More and more writers are self-publishing to tell their unique stories, share their life story or share their business. Many long to have their work distributed through a regular publishing company, but that dream means having less control over your work.
Ownership is great and being online helps open you up to the other options out there. When self-publishing you may experience struggles with getting your books enough exposure. However, the costs and experience of putting the book together can bring about many revelations. Here are a few keys to success: Read more
Amazon has just announced that Createspace Books will now be moving to Kindle Direct Publishing (KDP). A new notice has been posted to Createspace user dashboards informing us that Createspace is merging into KDP Print. Amazon has also launched a new page in the KDP help pages that explains how this merger will affect authors, and how they can move their titles from Createspace to KDP Print. This transition needs to be implemented in the next few weeks or it will automatically merge in 60 days.
This week’s edition of how to create a bestseller focusses on the professional services you may want to employ when taking on writing and publishing a bestseller.
There are a few questions to ask yourself when you begin the process of writing a book aside from your purpose and target market. As we said last week, your purpose for writing the book directs your content and promotion. Your purpose along with certain other factors will help you determine what professional services you will need to employ.
How much time do you have?
What skills do you have in writing?
How professional and polished do you want to appear?
This week’s edition of how to create a bestseller focusses on your purpose for writing a book and how that can direct you to the best approach. Your purpose is one of the first fundamentals to consider. A strong purpose assists in determining your target audience and your content.
1. Are you wanting to share a story to make a difference?
Your target audience would be the group most likely to benefit from your message.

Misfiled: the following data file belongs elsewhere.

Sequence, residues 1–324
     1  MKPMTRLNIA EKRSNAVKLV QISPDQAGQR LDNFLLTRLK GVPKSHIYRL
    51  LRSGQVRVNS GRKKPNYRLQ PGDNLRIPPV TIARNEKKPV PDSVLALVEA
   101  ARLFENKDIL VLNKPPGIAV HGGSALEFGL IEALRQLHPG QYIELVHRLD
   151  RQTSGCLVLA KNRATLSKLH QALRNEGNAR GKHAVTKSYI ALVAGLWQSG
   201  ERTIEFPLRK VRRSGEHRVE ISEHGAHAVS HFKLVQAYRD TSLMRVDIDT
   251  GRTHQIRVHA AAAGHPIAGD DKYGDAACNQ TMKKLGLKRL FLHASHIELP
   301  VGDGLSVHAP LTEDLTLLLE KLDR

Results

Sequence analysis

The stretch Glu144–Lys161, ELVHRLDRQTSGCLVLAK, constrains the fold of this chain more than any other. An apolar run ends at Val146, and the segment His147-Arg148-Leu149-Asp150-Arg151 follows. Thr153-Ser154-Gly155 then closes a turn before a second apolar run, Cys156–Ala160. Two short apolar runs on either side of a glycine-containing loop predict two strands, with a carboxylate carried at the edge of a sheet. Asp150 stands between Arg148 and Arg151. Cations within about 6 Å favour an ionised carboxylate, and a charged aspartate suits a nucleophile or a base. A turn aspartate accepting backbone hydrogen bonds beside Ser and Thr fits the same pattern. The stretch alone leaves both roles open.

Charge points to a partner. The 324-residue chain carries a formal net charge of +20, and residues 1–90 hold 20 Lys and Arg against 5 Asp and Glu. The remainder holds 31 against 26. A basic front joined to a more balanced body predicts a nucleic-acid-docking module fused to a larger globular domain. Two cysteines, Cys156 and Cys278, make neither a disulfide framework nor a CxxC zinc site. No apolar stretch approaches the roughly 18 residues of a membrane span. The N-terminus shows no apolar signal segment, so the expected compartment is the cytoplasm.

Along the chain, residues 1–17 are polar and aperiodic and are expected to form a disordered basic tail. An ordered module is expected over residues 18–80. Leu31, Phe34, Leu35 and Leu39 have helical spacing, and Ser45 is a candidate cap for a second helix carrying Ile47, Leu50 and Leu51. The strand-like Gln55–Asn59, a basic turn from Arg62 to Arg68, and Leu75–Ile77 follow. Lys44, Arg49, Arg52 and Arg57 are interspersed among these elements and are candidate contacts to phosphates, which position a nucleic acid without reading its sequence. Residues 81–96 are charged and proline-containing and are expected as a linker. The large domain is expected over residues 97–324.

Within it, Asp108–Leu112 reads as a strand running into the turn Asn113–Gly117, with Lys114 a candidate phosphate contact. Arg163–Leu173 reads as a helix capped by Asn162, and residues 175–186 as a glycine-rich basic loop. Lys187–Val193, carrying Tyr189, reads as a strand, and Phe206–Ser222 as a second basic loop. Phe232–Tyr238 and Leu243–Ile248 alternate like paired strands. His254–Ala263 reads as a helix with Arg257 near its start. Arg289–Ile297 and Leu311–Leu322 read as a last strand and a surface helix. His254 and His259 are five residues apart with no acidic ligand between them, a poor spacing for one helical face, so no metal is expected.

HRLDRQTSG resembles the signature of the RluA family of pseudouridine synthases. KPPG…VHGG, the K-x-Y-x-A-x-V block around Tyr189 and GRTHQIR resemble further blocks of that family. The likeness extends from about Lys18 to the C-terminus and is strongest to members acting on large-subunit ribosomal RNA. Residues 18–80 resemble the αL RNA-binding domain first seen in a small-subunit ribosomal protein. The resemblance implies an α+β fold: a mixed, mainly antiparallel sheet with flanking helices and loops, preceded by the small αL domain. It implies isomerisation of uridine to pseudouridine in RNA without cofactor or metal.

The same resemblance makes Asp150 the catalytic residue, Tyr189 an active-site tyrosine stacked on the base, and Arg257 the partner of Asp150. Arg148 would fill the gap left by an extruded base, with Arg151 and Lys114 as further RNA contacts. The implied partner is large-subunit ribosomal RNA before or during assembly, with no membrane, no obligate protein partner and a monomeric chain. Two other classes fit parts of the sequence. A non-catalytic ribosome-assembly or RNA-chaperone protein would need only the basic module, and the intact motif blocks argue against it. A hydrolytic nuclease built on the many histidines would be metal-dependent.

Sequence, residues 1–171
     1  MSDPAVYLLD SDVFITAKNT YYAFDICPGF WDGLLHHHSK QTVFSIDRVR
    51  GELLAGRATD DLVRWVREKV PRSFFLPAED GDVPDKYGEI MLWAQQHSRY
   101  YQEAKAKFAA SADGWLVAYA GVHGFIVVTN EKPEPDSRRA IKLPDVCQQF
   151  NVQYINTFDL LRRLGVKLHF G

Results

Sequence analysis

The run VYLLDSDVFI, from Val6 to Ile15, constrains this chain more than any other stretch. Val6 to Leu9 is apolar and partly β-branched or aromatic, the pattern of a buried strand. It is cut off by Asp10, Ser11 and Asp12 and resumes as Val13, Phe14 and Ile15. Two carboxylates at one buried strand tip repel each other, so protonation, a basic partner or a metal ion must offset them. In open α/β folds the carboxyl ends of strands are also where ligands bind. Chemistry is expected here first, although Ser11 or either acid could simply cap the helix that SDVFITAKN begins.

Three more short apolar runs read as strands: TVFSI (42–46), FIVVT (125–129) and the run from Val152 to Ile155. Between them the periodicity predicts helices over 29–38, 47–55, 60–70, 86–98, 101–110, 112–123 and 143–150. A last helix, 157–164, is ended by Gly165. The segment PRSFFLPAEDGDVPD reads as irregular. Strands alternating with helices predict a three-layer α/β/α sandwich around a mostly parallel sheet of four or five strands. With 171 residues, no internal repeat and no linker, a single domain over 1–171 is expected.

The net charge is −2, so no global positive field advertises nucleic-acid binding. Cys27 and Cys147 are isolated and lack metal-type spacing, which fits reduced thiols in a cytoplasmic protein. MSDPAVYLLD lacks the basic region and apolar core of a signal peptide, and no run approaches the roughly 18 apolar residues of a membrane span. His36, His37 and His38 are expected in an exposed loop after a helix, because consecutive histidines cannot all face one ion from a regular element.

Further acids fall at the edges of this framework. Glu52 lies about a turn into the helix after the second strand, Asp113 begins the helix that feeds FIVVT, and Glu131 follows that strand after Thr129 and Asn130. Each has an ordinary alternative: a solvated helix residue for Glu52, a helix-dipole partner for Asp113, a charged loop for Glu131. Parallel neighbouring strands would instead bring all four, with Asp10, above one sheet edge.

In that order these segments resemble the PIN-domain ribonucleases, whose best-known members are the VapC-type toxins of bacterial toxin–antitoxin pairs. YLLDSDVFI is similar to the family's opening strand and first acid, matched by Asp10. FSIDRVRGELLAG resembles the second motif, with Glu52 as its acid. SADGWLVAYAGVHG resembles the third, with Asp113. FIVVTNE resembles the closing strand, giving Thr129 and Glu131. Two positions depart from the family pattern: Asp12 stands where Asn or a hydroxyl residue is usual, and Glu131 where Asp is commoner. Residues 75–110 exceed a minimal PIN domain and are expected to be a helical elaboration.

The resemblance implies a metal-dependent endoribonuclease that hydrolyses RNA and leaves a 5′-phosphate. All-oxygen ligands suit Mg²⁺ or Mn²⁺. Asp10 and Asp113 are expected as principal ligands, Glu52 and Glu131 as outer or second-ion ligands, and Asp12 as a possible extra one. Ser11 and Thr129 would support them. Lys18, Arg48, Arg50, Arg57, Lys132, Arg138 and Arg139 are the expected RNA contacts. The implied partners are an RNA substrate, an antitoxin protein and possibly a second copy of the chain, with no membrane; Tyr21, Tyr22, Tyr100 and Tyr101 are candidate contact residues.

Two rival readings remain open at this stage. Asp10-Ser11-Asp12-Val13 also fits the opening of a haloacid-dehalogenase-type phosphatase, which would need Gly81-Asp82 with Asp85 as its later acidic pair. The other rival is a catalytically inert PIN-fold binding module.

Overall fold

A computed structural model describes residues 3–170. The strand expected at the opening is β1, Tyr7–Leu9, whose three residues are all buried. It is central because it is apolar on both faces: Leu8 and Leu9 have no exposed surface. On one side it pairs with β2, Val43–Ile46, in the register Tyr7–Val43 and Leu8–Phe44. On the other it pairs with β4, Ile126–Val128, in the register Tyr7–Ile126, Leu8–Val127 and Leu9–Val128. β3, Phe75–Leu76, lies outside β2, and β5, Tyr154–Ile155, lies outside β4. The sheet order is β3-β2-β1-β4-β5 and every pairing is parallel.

Your message would then be answering the questions and addressing the concerns of that audience.
7 Costly Mistakes When Choosing a Publisher: Self Publishing Secrets That Will Save You Thousands by Best Selling Authors Melanie Churella Johnson and Jenn Foster Hit #1 in FIVE Categories on Amazon.com
Salt Lake City, UT- Friday, December 15, 2017 Melanie Churella Johnson and Jenn Foster of Elite Online Publishing release another #1 Bestseller on Amazon.com.
On the day of release, his book started its upward movement towards best-seller status on Amazon.com and reached #1 best-seller status in FIVE categories including, Editing Writing Reference.
Avoid major publishing mistakes by reading the tips and secrets by self-publishing experts Jenn Foster and Melanie Johnson. Are you looking for a publisher? Or not happy with the one you have? This book will teach you the right questions to ask, make sure you get the most royalties and best marketing for your book.
Are you confused about the differences between Self Publishing and Traditional Publishing? We will lay it all out for you, so you can decide the best way to go for you and your book. Jenn Foster and Melanie Johnson share their expertise in making all their authors #1 bestsellers. This information will not only save you money but will help you make money with your book.
About The Authors:
Jenn Foster is one of today’s national leading online and mobile marketing experts. She is the founder and CEO of Biz Social Boom, a company dedicated to helping business owners of all sizes thrive in today’s highly technical world of product and service promotion.She is dedicated to helping businesses use powerful new online and mobile marketing platforms to get visibility, traffic, leads, customers and raving fans.A graduate of Utah State University, Jenn is an award-winning web designer, author, and sought-after speaker. She received an Award in Hollywood from the National Academy of Best Selling Authors. Jenn enjoys raising and having fun with her three children, and family.